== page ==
You know all those Twitter backlashes that get everyone from other Twitter users to corporate CEOs to get on their knees, kowtow to the mob and walk it back? Turns out the mob is a lot smaller and more demographically and behaviorally uniform than you might think.
According to a new Pew Research study, just 10% of U.S. Twitter users are responsible for 80% of all tweets.
With 69 million Twitter users and 250 million adults in the U.S., that means just 7 million people or less than 3% of the adult population are causing all the ruckus.
Not only that, those few active Tweeters have very specific demographics and attitudes. Almost two-thirds are women, are politically active and identify as democrats. And about a quarter of them use automated tweets or allow others to tweet on their behalf.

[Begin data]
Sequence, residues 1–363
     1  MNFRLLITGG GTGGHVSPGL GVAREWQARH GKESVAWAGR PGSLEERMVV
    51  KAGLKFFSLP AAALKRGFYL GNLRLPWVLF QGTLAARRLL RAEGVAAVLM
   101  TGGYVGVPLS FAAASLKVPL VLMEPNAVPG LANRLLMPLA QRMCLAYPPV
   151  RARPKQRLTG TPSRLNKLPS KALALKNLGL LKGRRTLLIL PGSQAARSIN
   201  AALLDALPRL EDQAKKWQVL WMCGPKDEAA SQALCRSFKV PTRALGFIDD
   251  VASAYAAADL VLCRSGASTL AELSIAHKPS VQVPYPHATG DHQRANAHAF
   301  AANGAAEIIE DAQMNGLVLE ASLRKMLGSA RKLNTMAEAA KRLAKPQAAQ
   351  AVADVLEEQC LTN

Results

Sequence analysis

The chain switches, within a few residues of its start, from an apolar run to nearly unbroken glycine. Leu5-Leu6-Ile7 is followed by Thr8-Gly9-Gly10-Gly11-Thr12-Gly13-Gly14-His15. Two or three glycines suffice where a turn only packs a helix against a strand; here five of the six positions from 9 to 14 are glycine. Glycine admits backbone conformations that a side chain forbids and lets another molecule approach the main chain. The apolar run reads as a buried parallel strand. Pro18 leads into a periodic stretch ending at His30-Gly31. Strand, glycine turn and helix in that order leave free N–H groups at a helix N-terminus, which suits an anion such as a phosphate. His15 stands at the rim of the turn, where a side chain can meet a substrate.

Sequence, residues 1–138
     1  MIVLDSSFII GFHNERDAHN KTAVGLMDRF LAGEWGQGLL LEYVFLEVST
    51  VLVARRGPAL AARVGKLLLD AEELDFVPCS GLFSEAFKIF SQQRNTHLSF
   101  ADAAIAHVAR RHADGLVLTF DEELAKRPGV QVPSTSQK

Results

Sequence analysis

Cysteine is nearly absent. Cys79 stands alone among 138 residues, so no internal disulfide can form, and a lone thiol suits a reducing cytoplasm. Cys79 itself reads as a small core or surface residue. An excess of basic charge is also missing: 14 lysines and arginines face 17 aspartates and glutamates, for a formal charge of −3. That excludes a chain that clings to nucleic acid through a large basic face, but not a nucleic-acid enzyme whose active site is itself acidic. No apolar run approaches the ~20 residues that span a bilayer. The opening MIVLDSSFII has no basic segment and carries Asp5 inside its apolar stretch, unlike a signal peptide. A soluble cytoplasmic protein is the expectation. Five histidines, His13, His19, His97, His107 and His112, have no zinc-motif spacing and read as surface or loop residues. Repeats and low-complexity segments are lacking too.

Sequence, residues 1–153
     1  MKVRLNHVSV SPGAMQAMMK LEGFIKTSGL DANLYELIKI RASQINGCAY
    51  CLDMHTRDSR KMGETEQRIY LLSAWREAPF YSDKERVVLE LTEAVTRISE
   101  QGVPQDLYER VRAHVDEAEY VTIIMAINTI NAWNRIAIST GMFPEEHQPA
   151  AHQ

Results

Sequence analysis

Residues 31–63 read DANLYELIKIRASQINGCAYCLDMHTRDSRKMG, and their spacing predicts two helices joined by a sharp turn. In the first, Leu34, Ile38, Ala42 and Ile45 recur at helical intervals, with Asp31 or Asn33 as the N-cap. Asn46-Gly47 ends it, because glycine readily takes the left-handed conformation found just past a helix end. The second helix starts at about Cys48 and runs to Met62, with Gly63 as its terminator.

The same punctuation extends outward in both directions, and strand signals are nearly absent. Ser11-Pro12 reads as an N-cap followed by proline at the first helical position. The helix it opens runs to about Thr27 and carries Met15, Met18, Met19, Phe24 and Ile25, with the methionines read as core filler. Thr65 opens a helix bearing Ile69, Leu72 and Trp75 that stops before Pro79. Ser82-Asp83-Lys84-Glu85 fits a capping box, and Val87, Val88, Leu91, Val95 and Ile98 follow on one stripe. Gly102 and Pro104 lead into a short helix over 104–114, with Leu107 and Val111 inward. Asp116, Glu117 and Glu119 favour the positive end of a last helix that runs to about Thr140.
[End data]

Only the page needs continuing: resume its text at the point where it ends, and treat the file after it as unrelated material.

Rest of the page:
In contrast the other 90% of U.S. Twitter users average all of two tweets and one favorite per month, follow 74 accounts and have 19 followers. A solid silent majority if I’ve ever seen one.
So the next time you hear about a social media backlash that causes someone to about face and cave to the ‘Twitter mob,’ imagine the mob as a small group of progressive women activists — aka Alyssa Milano clones — and ask yourself what’s wrong with this picture?
And if it happens to you, remember, you just might be caving to a very small, vocal and uniform minority. So much for diversity.
Image credit Fortune Conferences / Flickr